Overwhelming majority of Americans have never discussed these hidden issues with children or friends and 65% of victims who come forward say no one helped

New York, NY, Sept. 23, 2013 – The Avon Foundation for Women today announced results from the “NO MORE Domestic Violence and Sexual Assault, Survey of Attitudes and Experiences of Teens and Adults,” a new, national survey it funded that explores attitudes toward and experience with dating abuse, partner violence, and sexual assault among teens and adults. The results show that the overwhelming majority of Americans know victims of domestic violence and sexual assault, but they do not talk about the issues with their children or friends, or take steps to help victims. The findings underscore the urgent need for increased awareness, conversation and education around domestic violence and sexual assault, with an emphasis on what bystanders can do to prevent violence and help victims before it is too late.

“The Avon Foundation for Women funded this survey to better understand why domestic violence and sexual assault remain so inherently hidden and marginalized in our society,” said Carol Kurzig, President of the Avon Foundation for Women. “The data shows us that conversations about these issues simply are not happening. That silence leaves victims trapped by the shame, stigma and fear that these crimes carry. If we can encourage more people to start talking, we can end that cycle and bring these issues to light in a new way.”

No More Study Findings 
Some of the most significant findings of the NO MORE study, which surveyed teens (ages 15-17) and adults (ages 18 and older) and was conducted by GfK Public Affairs and Corporate Communications, include:

  • 60% of Americans know a victim of either or both domestic violence or sexual assault
  • Three out of four (73%) parents with children under the age of 18 said that they have not had a conversation about domestic violence or sexual assault with their children.
  • 67% of Americans say they have not talked about domestic violence with their friends; even more, 73% have not discussed sexual assault.
  • Even though 75% of Americans say that they would step in and help a stranger being abused, the reality is most people do not help.
  • For example, among the women who experienced domestic violence and then told someone about it, more than half (58%) said that no one helped them.
  • But 64% of Americans say if we talk more about domestic violence and sexual assault, it would make it easier to help someone.

Breakthrough Bystander Behavior Training Programs
To address the silence and inaction of Americans on these critical issues, the Avon Foundation for Women will fund the development of and help launch, “Breakthrough Bystander Behavior Training Programs,” to provide tools to help employers educate their employees about recognizing the signs of abuse and better supporting victims. The Avon Foundation will fund the Bystander Training Programs as part of its Avon Speak Out Against Domestic Violence program. The new training programs will be rolled out across the country in collaboration with local experts through the Avon Foundation’s partnership with the national NO MORE coalition, which consists of hundreds of domestic violence and sexual assault service and advocacy agencies across the country. This collaboration will ensure that companies will have access to local experts to assist in presenting this educational opportunity.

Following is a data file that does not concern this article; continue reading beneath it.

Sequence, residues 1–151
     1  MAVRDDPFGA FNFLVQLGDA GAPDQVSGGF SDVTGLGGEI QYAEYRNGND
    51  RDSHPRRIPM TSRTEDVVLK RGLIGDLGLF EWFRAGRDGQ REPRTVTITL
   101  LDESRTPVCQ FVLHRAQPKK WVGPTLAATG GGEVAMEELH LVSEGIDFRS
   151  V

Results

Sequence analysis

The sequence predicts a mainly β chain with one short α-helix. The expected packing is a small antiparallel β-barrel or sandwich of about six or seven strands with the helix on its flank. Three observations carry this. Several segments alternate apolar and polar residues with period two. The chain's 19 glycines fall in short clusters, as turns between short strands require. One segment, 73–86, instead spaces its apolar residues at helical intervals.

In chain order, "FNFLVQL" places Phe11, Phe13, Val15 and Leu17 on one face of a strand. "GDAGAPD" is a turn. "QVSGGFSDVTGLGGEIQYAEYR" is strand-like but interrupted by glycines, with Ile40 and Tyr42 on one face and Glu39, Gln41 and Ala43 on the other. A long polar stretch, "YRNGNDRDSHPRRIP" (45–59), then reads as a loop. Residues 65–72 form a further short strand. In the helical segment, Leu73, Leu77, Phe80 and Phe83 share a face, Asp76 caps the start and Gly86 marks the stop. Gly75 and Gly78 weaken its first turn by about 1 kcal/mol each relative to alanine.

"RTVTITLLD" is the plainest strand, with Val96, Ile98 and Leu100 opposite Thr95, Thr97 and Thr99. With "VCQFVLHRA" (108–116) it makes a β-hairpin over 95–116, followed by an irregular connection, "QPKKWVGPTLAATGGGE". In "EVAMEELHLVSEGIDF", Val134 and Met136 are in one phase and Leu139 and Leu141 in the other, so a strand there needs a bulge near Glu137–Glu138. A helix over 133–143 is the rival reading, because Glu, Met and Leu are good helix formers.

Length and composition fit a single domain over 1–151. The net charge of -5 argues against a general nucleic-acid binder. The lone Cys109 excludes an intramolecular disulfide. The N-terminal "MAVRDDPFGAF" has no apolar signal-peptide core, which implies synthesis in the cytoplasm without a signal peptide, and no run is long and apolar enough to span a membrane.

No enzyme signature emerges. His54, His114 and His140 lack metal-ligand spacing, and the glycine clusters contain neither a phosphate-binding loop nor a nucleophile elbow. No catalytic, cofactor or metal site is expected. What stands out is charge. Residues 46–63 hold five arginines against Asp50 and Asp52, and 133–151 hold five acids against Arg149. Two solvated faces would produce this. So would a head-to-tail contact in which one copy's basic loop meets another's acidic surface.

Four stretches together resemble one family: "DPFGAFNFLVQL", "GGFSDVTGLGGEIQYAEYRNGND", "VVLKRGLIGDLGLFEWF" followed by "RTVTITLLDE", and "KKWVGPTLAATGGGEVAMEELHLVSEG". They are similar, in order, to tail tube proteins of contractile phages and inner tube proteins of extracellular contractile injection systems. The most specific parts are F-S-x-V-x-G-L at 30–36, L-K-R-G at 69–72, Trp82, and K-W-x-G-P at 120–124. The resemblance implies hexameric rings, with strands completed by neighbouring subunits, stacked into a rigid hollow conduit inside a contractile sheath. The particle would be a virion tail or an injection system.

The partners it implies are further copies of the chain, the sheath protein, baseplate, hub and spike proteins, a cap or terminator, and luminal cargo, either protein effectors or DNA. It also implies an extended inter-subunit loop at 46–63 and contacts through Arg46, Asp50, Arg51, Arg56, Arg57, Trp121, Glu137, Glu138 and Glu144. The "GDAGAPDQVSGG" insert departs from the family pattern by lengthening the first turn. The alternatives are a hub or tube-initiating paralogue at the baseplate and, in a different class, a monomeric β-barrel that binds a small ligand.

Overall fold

“By joining forces with local experts and companies across the country, the Avon Foundation aims to leverage our collective resources to amplify discussion about domestic violence and sexual assault in the workplace,” said Kurzig. “Our goal is to build awareness and improve referrals to support and prevention programs for victims and their children. We hope that this program will be a catalyst in the movement to break the silence and stigma associated with gender violence.”


The NO MORE Study Methodology 
Avon Foundation for Women commissioned and funded the NO MORE Study (NO MORE Domestic Violence and Sexual Assault, Survey of Attitudes and Experiences of Teens and Adults), conducted by GfK Public Affairs and Corporate Communications, to research domestic violence and sexual abuse experience and attitudes among teens, ages 15-17, and adults 18 and older. GfK Public Affairs and Corporate Communications Group conducted interviews with a total of 1,307 respondents, 15 years of age and older. The study was conducted using the KnowledgePanel. The data was weighted to the population it represents. The margin of error for this study was +/-3.2 percentage points.

Avon Foundation Speak Out Against Domestic Violence Program
The Avon Foundation for Women launched Speak Out Against Domestic Violence in 2004 to support domestic violence awareness, education and prevention programs aimed at reducing domestic and gender violence, as well as direct services for victims and their families. By 2013, the Avon Foundation for Women will have donated more than $38 million in the United States to support domestic violence programs, services and education. Globally, Avon supports efforts to end violence against women in nearly 50 countries by raising funds through special product sales and raising awareness through events and with educational information disseminated by more than 6 million global Avon Representatives. Visit www.avonfoundation.org for more information.